Carers are entitled to a range of benefits, but the main cash benefits are Carer’s Allowance, and the carer premium, which is payable with means-tested benefits such as Income Support, Pension Credit and Housing Benefit.
Universal Credit, which is replacing means-tested benefits for people of working age, also includes a carer element. Recipients of Carer’s Allowance must not be in full-time education or have earnings of more than £128 per week after deductions. This can create problems for those in paid work to receive additional paid support.
In November 2020, there were 1.3 million Carer’s Allowance claimants in Great Britain. Women made up 68% of the total.
Support for carers in education
If the carer is in school, they might have access to counselling. In England, they might also be eligible for additional Pupil Premium funding, which goes directly to their schools if they are, or have been, entitled to free school meals.
In further education, students in England with caring responsibilities might be able to access discretionary bursary support for 16-19-year-olds. However, they can’t claim Carer’s Allowance.
In higher education, mainstream student support funding includes additions for students with qualifying dependents
Local authority: Carers are entitled to a statutory assessment of their support needs, undertaken by the local authority.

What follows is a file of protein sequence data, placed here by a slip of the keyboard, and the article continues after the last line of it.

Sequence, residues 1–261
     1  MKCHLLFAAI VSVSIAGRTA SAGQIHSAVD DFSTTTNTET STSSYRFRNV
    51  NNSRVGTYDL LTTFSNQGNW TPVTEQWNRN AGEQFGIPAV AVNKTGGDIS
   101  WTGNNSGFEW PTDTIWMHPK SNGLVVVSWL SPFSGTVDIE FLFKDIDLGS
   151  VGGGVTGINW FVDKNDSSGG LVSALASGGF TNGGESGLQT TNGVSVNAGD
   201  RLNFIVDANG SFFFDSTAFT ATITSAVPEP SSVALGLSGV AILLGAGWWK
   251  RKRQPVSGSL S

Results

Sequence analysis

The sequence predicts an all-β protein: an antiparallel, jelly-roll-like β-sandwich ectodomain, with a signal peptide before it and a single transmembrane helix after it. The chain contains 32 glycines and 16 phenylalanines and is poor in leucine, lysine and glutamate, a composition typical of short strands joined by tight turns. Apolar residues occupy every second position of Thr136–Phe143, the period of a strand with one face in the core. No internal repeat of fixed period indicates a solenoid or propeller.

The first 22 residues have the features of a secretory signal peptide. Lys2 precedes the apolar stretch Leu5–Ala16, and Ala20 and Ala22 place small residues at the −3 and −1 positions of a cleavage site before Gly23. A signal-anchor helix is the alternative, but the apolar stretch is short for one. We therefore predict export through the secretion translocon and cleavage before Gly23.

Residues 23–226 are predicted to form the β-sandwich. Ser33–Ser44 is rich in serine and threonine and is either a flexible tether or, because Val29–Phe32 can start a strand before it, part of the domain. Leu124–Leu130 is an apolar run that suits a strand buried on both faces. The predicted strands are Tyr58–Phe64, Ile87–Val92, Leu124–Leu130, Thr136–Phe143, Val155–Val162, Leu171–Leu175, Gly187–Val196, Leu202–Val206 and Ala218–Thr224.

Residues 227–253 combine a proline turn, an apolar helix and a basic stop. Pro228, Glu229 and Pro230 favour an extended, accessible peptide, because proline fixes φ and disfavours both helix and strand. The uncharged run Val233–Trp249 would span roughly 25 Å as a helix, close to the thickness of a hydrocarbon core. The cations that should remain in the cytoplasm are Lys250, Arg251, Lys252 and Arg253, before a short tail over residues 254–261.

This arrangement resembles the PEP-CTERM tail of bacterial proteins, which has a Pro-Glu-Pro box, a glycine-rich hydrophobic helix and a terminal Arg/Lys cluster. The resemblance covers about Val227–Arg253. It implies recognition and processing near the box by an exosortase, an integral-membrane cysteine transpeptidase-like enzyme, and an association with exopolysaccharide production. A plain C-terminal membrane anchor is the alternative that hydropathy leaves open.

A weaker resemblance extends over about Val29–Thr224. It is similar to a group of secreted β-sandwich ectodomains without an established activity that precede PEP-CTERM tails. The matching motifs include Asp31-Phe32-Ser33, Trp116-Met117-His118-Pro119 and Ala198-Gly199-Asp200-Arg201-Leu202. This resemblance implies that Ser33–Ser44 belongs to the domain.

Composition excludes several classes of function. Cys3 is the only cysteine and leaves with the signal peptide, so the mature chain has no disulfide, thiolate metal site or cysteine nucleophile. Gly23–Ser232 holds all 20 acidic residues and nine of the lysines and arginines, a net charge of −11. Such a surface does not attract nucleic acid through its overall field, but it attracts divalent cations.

The assessment must consider factors such as what assistance the carer needs to continue providing care, for their independent needs, and, for young people, whether it is appropriate for them to provide care.
Since 1 April 2015, any adult carer who meets national eligibility criteria must be provided with services. Even when the criteria are not met, local authorities have discretionary powers to provide support. Young carers do not need to meet national eligibility criteria and local authorities must only consider their assessment in deciding whether to provide support.
NHS: The Carers Action Plan 2018-2020 included a commitment for NHS England and the Care Quality Commission to work together in developing standards for GP surgeries. These should be used to show how effective they are in identifying and supporting carers.
The NHS Long Term Plan of January 2019 repeated a commitment to improve how the NHS identifies unpaid carers, and to better address their health needs.